How Do Foundation and Higher Tier GCSE Courses and Lessons Compare?

Despite exams being the main and most important aspect of your GCSEs, there are two years where you will be learning and revising content of nine or more subjects. As mentioned above, foundation tier courses will always have less content for you to learn. This means that your teacher can spend more time on a topic, increasing your understanding and you may also get more revision time because finishing the syllabus early is a possibility.

With higher tier courses, there is more content, so it is easier to fall behind. There is also more of a responsibility on your behalf – you must keep up and ensure that you learn everything, which is a mean feat. You may have to do more work at home due to the larger amount of content meaning less time for each topic.

What are the Advantages and Disadvantages of Taking Foundation Tier at GCSE?

Below, I have summarised the advantages and disadvantages of taking Foundation Tier at GCSE.

Advantages Disadvantages
Less content to cover. Maximum grade that can be obtained is a Grade 5.
Harder content is often left out. Most schools and universities prefer a Grade 5 or over.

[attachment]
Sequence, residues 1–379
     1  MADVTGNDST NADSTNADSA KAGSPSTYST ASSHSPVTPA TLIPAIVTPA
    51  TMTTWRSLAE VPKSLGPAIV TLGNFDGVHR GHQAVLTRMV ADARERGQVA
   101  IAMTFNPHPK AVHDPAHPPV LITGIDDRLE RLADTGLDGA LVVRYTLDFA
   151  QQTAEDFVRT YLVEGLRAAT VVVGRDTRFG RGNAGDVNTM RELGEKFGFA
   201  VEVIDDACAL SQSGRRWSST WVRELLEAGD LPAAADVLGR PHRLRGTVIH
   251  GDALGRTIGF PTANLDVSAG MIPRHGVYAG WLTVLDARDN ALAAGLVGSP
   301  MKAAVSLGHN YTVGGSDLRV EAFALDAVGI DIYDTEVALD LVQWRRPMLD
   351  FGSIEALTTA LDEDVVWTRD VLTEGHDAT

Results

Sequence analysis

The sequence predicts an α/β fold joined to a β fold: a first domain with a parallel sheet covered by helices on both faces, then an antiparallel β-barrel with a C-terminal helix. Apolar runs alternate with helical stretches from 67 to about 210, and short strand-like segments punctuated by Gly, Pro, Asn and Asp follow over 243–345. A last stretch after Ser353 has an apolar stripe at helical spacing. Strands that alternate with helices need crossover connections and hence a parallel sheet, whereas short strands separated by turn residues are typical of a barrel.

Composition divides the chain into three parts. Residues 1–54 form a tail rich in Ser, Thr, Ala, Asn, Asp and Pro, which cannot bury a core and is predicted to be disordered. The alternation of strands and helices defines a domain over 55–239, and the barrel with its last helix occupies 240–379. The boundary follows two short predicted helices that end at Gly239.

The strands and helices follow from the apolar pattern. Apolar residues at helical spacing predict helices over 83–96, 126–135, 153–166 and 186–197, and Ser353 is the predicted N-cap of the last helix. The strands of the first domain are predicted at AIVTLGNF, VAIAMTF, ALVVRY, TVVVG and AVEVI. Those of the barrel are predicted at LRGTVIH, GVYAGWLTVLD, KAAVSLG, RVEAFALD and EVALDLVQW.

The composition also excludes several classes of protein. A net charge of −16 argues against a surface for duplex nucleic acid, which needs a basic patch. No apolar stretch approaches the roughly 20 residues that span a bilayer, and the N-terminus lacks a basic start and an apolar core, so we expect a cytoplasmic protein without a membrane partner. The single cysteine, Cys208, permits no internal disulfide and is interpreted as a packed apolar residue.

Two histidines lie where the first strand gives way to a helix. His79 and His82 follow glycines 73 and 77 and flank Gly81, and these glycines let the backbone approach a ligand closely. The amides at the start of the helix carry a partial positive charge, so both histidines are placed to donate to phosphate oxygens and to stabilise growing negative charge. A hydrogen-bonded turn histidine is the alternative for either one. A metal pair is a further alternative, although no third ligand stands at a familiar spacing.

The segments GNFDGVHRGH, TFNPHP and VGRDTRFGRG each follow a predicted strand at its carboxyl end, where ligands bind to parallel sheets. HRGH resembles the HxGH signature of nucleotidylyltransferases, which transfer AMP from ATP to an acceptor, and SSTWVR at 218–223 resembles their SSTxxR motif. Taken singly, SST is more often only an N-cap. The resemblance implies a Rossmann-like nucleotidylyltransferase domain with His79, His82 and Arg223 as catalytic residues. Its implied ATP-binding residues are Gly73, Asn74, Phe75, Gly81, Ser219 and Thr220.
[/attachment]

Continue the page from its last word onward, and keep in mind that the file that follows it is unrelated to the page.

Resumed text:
Exam papers are easier to digest. Can be limiting in the future, grade-wise.
  More marks are needed to get a pass (low pass = 4, high pass = 5).

 

What are the Advantages and Disadvantages of Taking Higher Tier at GCSE?

Below, I have summarised the advantages and disadvantages of taking Higher Tier at GCSE.

Advantages Disadvantages
Fewer marks are needed to pass.

 

More content to cover.

 

Maximum grade that can be obtained is a Grade 9. Includes harder content.

 

Preferable if you want to continue studying a certain subject.

 

Exam papers include harder and longer questions.

 

How Will Your Future be Impacted by the Tier You Take at GCSE?

The tier you take for a GCSE subject can affect your future, so you should preferably have a loose idea of what you would like to do as a career and how you would want to get there. However, there’s no need to panic if you don’t, but this does need to be considered at some point.

Doing some quick research and taking notes may help you to narrow down to the main subjects relating to your desired career field. Preferably, the subjects that pop up most, to do with careers you are interested in, should be taken at the higher tier level. This is because you want to get the highest grades in those subjects to let future schools/universities or employers see your ability in those subjects.

Also, if you want to take A-Levels, look into your and other schools grade requirements to do the subjects you want to study at A-level as research is key. Some articles you may find interesting are listed below: